Species Survival Plan®Clouded leopards living in North American zoos are collectively managed through a Species Survival Plan®, or SSP, administered by the American Zoo and Aquarium Association. Currently, zoos in North America house only Neofelis nebulosa individuals, the only captive Sunda clouded leopards (Neofelis diardi) are housed at Lok Kawi Wildlife Park in Sabah, Malaysian Borneo. The overall goals of the Clouded Leopard SSP program are to address captive management issues, stabilize population demographics, improve the population’s genetics, and develop conservation efforts in clouded leopard range countries.
History of the Clouded Leopard SSP
Throughout the mid 1990s the SSP concentrated on improving the genetics of the population by recommending the breeding of 16 individuals whose bloodlines were not overly represented in the captive population. However, these recommended breedings resulted in very limited numbers of young produced.
By 1998, with the population aging, the need to have more young born to stabilize demographics was becoming critical. As a result, all compatible pairs were recommended for breeding with a target level of 11 births per year to keep the population in a state of growth. At the same time, the SSP population was declared a research population. This designation relaxed the need to make breeding recommendations based strictly on the genetic or demographic needs of the population. Instead, the primary goal of the SSP became to carry out fundamental research into clouded leopard behavior in order to improve captive management and artificial reproduction.
Recent changes to the care and introduction of clouded leopard pairs has resulted in a dramatically increased success rate of pairings. Pairing unfamiliar adults is often unsuccessful due to aggression between adult individuals. This is especially dangerous to the females, who may be killed by the male. The new procedure recommends introducing animals at very young ages, usually between four to six months old, and allowed form natural pair bonds. This results in decreased aggression between pairs and greater success at producing offspring. However, since this method is dependent on pairing at young ages (and the North American population mostly consists of older cats), the number of individuals available for this method of breeding is currently low, although the situation is beginning to improve due to the recent increase in the numbers of births resulting from pairs imported from the Thailand breeding program.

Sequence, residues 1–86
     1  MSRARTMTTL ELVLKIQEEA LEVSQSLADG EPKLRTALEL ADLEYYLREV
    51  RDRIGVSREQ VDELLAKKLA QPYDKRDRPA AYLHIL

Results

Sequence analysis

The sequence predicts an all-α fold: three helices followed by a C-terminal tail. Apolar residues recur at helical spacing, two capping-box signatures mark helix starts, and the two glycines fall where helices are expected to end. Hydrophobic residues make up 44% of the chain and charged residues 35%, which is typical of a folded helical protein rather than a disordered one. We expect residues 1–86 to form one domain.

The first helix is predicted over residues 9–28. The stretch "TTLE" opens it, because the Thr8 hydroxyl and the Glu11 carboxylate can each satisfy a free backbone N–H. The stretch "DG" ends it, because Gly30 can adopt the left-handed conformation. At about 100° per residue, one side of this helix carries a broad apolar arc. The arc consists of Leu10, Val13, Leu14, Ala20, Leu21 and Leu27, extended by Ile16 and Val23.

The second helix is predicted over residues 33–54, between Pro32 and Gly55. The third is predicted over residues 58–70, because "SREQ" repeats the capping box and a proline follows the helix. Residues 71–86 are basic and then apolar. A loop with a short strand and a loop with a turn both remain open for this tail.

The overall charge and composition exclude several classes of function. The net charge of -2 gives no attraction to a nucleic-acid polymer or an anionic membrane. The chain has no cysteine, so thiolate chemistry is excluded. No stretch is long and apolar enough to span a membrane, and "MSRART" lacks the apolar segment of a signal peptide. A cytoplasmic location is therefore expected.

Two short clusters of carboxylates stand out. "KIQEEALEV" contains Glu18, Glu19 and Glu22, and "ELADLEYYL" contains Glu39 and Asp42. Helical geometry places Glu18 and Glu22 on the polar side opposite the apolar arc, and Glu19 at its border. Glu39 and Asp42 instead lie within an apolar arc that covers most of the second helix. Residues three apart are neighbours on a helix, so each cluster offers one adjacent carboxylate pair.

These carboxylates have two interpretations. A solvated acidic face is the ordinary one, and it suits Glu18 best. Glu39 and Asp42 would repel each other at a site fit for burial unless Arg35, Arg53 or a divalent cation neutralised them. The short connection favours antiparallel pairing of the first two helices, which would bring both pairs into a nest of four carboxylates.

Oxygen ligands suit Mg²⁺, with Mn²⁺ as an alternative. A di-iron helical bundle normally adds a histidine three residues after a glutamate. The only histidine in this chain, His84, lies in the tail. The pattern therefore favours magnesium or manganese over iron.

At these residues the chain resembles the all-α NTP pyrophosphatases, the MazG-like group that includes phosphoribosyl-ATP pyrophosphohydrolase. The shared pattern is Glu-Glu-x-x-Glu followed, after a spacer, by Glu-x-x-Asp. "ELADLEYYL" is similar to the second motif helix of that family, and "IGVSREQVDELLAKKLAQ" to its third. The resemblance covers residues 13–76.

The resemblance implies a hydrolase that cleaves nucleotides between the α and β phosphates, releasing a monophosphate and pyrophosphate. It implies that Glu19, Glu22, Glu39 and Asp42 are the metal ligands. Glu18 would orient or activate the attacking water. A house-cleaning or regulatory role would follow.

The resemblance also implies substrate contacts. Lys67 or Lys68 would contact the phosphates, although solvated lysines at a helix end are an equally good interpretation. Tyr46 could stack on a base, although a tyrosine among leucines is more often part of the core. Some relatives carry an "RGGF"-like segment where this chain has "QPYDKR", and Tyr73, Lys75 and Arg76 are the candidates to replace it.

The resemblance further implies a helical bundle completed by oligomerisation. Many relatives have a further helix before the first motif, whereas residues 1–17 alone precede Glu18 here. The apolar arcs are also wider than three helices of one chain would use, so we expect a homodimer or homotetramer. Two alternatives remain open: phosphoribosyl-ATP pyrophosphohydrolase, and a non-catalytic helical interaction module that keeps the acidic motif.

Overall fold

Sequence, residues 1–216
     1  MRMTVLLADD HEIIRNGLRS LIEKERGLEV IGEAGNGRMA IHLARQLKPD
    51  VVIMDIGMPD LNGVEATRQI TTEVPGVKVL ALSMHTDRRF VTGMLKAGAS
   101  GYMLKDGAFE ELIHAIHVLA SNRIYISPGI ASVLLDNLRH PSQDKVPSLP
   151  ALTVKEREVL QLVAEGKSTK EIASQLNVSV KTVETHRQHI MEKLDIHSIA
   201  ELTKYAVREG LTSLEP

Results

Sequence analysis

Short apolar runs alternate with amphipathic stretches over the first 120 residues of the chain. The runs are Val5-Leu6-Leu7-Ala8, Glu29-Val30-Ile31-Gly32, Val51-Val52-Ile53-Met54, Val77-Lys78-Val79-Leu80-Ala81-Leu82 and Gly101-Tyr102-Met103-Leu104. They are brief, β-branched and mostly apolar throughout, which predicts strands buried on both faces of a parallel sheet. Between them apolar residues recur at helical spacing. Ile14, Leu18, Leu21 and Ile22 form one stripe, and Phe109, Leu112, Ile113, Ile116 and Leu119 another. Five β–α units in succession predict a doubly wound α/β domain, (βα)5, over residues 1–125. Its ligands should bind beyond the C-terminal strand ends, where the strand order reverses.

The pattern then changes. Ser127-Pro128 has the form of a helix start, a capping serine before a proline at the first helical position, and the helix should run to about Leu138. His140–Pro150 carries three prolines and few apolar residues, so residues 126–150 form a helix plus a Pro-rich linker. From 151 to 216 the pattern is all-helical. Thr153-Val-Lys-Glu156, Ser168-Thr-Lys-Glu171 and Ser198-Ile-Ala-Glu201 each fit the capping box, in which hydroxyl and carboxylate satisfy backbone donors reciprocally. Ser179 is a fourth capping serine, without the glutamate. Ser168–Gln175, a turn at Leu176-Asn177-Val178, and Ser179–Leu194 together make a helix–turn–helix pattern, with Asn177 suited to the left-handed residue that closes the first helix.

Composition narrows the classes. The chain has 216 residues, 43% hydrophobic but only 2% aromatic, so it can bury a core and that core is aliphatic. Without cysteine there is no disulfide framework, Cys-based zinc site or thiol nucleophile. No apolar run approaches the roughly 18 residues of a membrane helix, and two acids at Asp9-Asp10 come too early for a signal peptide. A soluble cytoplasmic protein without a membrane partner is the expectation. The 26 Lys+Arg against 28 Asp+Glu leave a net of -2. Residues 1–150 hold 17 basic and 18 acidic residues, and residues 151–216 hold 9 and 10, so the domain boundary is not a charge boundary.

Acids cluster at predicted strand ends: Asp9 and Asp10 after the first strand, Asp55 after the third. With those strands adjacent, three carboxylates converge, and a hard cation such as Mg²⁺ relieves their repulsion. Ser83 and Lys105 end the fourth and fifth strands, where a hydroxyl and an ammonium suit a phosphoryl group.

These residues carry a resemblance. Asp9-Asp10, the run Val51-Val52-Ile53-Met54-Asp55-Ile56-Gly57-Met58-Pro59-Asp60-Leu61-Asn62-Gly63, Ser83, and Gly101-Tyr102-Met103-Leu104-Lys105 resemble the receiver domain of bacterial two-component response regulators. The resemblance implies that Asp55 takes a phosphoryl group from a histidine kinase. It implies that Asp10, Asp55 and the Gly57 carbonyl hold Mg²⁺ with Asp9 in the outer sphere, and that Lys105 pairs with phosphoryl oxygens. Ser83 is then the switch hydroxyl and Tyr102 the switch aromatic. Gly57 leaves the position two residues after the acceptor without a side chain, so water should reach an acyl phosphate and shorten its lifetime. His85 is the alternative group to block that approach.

2011 Summary of Clouded Leopard (N. nebulosa) SSP Population and Recommendations
Since 2010, the population of captive clouded leopards has begun to rise. Internationally there were thirty-three captive births with only sixteen deaths to offset them, a net rise of seventeen animals. Within North America alone there were nine births and six deaths. This, along with recommended transfers between North American, European, and Asian populations, has increased both the size and genetic diversity of the clouded leopard population.
Clouded Leopard SSP Goals
There is still concern for the demographics of the zoo-based clouded leopard population. The breeding population is unbalanced towards older animals, although the last few years have seen an increase in the number of offspring. In order to assure a viable population in the future, a large number of births need to occur over the next few years.
In addition to the demographic problems of the population, the need to increase its genetic diversity is critical. The majority of the SSP population can trace its ancestry to three individual animals, although progress has been made in introducing new founder animals from zoos in both Europe and Asia.
In 2011, two individuals from the Smithsonian Conservation Biology institute were transferred to Howletts Wild Animal Park in Kent, England in exchange for two genetically unrepresented animals. In addition, over the last few years, several young pairs have been imported from the breeding program at the Khao Kheow Open Zoo in Thailand, most of which have already produced offspring.
Artificial reproduction trials also continue for clouded leopards in North American, however, no offspring have been produced since the only successful artificial insemination at the Nashville Zoo in 1992.